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Book Review – Time to Let Go



Book – Time to Let Go


Author – Christoph Fischer
Star rating – ★★★★★
Plot – Well organised and developed, keeps you interested
Characters – varied, relatable, diverse, touching
Movie Potential – ★★★★★
Ease of reading – very easy to read
Cover –
Suitable Title –
Would I read it again –


First off, let me just say that I knew I was going to love this book, before I even started reading it. I’ve read 2 of the 3 books in Christoph’s Three Nations Trilogy and have the third to read. I’ve loved every one. This one, didn’t disappoint, even though it’s of a completely different format.

This is a contemporary fiction story, rather than historical.

I really like how Biddy’s Alzheimer’s has been portrayed honestly, both from the pessimistic/dismissive attitude (at times) of Walter, and the hopeful but misguided attitude of Hanna.

Saying that, I have to admit that I don’t like Hanna and I felt this very quickly into the story. I don’t know if I’m supposed to like her or not, but I don’t. I find her very literal, close minded (despite her belief in open-minded ideas) and so stuck in her own life that she doesn’t, or maybe doesn’t want to, see the bigger picture. I also don’t think she wants to accept the thoughts and varying perceptions of the same situation, from another person’s point of view. I see this especially with Walter, her brother Henrik and the paramedic Karim. She often fails to see their perspective and doesn’t seem to care that they have a different view of things, dismissing them entirely.

“You should call one of your friends to go along with you. You can’t go to a pub alone. That is sad.” <- This is the type of thing that annoys me about Hanna the most; her close-minded attitude. I don’t agree with this statement and was very happy that Walter didn’t either. I think it shows a strength of mind, character and a strong sense of self to go out alone, in a social environment, in a time when it is still considered socially unacceptable.

“He missed the partner he had lost to the disease, but was able to console himself that the loveable woman he married was still around.” <- This is exactly why I love this book. Although Walter really struggles, especially with frustration and a desperation to have the Biddy he married back, there are moments of clarity for him, where he can see past the hardships and see what he still has. I think his part of the story is the best and he shows a real inner strength, insisting that he take care of Biddy, even though he struggles daily. This is also where I think Hanna is too consumed with her own life – she fails to see how he struggles and how bad Biddy really is.

I love Tom, as a character. He stepped in, for two minutes, and really shined a light for Walter. I would have loved to see more of him and Walter becoming friends and taking care of Biddy, as Walter realised that he wasn’t alone. This quote, in particular, just about had me in tears:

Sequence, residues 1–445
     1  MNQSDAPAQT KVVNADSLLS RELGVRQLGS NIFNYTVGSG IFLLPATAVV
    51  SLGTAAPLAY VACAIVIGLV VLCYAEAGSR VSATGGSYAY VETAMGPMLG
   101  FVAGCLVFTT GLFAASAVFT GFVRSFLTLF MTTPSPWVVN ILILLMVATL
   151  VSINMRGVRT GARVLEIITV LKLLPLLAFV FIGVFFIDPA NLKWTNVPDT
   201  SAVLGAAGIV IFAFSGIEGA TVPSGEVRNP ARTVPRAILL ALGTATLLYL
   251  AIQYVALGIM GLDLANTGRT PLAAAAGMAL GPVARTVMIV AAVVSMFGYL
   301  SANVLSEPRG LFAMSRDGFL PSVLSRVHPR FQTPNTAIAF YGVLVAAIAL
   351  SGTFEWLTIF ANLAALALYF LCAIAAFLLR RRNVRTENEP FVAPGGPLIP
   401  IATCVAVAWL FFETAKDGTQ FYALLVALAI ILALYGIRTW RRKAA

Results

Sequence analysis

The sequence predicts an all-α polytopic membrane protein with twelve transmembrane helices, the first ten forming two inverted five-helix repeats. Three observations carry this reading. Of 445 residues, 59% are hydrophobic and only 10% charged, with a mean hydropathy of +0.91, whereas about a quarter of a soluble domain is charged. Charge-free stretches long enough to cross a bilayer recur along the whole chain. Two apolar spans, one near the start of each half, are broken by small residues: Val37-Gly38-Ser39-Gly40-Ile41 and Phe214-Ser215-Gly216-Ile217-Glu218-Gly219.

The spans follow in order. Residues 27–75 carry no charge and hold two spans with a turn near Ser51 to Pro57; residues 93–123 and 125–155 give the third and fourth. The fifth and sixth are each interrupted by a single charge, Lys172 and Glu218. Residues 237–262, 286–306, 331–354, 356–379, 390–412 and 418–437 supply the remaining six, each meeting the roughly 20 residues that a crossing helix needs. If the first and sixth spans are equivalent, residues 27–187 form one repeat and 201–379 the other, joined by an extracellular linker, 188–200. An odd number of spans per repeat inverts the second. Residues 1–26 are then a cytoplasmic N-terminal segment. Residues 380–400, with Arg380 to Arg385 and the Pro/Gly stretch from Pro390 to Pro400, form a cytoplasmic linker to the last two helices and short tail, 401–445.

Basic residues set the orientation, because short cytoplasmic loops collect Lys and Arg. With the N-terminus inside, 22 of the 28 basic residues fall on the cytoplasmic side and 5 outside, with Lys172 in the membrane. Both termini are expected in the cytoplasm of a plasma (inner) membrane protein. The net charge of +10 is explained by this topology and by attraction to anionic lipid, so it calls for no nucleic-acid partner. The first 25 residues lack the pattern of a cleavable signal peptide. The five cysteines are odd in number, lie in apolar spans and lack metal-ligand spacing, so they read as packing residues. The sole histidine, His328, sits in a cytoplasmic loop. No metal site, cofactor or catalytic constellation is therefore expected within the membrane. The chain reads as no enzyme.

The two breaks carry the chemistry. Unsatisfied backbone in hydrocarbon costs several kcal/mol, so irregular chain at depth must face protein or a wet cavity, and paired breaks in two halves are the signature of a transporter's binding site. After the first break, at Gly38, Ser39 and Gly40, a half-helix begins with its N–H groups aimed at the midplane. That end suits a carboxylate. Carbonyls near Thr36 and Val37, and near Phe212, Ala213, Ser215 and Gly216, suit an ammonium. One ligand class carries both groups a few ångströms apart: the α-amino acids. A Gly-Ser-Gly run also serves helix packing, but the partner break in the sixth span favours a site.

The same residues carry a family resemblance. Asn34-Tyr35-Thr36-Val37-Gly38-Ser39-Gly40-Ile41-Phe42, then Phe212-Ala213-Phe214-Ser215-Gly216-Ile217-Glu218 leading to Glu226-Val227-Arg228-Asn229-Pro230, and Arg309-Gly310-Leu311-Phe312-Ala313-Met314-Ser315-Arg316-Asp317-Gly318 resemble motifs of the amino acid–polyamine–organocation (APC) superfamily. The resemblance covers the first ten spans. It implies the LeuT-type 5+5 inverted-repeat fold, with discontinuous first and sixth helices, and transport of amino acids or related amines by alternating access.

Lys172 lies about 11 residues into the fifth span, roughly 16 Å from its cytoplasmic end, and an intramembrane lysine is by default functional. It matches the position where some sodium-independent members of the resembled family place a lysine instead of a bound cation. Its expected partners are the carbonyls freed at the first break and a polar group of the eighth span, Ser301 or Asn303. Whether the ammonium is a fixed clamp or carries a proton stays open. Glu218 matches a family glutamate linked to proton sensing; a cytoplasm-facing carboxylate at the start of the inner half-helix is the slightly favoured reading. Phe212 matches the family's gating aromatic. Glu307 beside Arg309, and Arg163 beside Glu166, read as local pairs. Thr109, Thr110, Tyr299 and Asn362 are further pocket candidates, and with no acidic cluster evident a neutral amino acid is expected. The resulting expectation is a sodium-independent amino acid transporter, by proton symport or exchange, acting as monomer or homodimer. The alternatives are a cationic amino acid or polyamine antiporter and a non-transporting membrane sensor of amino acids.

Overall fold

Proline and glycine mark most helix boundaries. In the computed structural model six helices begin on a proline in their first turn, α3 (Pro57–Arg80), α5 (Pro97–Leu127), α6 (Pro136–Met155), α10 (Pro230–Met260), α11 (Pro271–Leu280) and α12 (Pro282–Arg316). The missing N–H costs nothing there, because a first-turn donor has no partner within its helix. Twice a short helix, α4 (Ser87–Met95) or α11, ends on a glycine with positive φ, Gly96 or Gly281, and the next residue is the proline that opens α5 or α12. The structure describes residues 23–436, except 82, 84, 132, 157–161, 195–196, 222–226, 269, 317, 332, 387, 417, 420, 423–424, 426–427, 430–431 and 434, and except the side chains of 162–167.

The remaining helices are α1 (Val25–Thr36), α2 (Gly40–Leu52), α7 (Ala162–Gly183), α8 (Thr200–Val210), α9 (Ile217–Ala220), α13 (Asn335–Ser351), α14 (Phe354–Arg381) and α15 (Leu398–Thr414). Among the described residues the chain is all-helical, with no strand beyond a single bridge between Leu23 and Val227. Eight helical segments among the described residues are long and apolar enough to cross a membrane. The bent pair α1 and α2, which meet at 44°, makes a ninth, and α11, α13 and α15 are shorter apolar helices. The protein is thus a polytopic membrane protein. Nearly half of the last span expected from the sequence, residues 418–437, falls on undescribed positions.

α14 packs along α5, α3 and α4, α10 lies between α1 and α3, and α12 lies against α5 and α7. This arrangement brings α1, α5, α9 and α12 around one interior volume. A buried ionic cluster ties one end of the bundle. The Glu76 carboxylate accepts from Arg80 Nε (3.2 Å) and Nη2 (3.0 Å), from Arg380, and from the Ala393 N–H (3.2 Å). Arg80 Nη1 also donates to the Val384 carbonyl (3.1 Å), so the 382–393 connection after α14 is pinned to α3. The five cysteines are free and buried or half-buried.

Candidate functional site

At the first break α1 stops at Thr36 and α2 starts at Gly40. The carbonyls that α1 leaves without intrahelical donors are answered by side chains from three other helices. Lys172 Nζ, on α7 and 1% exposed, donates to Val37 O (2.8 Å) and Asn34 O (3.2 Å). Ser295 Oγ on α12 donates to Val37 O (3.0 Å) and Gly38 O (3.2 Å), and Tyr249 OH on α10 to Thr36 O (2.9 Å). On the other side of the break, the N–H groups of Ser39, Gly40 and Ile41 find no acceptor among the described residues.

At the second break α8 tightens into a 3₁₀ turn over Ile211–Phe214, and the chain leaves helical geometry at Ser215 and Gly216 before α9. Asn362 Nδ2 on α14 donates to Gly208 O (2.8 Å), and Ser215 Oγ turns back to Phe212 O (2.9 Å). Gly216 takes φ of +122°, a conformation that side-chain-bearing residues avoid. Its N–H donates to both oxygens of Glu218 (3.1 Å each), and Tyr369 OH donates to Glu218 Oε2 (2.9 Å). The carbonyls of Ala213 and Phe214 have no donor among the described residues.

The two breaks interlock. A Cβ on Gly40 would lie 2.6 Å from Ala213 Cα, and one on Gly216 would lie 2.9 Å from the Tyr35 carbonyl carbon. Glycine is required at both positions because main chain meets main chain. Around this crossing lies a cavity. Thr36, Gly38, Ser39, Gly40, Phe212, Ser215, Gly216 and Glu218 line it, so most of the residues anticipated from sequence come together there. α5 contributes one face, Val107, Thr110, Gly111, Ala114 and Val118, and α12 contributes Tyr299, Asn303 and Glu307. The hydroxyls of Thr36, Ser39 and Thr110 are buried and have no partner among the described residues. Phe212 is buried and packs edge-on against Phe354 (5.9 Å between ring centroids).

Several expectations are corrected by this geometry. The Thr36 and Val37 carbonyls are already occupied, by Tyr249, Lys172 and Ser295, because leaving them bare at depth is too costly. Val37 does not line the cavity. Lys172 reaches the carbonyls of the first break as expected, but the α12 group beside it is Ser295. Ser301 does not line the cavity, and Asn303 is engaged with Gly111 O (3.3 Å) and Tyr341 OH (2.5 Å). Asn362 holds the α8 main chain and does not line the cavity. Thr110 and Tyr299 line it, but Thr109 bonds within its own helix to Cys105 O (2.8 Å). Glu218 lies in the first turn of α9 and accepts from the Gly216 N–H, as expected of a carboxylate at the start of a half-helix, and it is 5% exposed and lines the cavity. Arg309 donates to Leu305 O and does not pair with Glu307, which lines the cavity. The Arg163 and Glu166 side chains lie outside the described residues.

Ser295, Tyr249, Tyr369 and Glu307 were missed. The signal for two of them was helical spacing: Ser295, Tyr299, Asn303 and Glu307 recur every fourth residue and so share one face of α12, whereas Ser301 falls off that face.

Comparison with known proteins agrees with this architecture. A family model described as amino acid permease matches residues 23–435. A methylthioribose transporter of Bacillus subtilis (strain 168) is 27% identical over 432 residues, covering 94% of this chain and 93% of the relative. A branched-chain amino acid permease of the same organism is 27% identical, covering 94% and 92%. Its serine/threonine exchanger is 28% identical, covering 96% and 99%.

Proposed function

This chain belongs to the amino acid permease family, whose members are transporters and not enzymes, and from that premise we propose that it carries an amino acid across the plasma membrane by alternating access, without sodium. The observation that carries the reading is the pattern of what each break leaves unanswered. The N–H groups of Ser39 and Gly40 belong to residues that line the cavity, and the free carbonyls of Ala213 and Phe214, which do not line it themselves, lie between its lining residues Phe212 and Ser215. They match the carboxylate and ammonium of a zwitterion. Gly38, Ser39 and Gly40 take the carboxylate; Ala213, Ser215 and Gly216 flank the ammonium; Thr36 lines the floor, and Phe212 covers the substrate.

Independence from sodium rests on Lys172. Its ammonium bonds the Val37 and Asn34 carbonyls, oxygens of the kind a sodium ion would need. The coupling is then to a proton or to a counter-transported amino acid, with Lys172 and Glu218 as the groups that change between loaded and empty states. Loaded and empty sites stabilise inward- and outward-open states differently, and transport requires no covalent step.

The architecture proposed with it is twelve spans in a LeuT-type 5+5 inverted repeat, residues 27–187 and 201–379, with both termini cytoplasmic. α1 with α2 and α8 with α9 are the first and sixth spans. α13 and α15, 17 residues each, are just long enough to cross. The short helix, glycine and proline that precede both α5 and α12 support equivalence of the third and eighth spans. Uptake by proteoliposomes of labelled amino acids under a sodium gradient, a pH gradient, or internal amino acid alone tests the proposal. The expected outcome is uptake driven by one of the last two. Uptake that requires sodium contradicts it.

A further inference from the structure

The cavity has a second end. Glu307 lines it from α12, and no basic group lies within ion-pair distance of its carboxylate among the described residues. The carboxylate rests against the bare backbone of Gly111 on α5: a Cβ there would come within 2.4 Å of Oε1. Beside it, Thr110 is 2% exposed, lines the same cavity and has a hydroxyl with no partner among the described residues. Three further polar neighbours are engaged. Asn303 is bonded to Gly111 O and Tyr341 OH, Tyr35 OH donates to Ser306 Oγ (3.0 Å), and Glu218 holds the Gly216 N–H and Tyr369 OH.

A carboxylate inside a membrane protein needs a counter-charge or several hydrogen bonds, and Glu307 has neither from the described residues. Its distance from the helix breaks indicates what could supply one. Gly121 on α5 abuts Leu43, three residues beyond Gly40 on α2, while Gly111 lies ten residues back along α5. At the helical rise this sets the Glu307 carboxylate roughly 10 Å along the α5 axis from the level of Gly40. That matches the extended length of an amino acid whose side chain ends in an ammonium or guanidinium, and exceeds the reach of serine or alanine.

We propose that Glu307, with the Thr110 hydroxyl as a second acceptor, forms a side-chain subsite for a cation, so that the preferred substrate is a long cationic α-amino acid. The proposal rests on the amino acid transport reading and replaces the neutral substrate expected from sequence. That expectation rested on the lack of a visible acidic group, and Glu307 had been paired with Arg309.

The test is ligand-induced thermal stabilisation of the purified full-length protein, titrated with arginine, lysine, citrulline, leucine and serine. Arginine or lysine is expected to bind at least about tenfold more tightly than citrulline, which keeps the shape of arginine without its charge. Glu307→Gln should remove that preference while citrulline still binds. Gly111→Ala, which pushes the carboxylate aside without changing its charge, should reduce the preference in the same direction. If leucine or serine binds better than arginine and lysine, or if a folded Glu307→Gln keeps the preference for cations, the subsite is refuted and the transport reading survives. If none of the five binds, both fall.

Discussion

“It was days like today where he realised how helpless they all were. He felt powerless in the face of a disease that kept changing its ugly face. What had been clear as day had quickly turned into mist.”
I think it really shows the adaptable and heartbreaking truth of Alzheimer’s disease, all in that one quote.

Again, Hanna. *sigh* Here is one quote, in particular, that I think really shows how judgemental and single-minded she is, even in front of someone had chosen this restaurant to take her to. Yet, she thinks nothing of degrading it and his choice. She never looks beyond the surface and misses everything that is important (like Karim!)
“”I should have known,” she said. “When a restaurant has that many statues and pictures and fake plants the food must also be tacky.”
“You’ll be surprised at the standard of the food here then,” Karim promised.
“I have been to Thailand and the reputable restaurants there have simple designs, wood and bamboo, none of this fancy stuff.”
“Well, get ready to be impressed,” Karim said.”

She’s also very snobbish, which crops up quite a lot, and always seems to be when she’s with Karim.
“He turned many rather prestigious job offers down and instead worked in idealistic and lowly paid counselling institutions.”
“Do you mean charities, or the NHS?” Karim asked.
I mean, you can’t get much more snobbish than that. How are charities and the NHS idealistic? Also, she’s saying this in front of Karim, who is a paramedic. Way to go insulting your dinner date.

I have to admit, that I expected Walter’s frustration and anger to possibly lead to a sickness that killed him before Biddy, so I saw a glimmer of the ending coming. Unfortunately, it’s all too often that when the burden of care (though they don’t see it a burden) is removed, the carer often succumbs to the stress, strain and the loss of the situation.

As always, with this author, this was an incredibly well written story, with a great plot. There were a variety of interesting and relateable characters. I loved Walter and Karim the best. The story was touching and made my heart ache.


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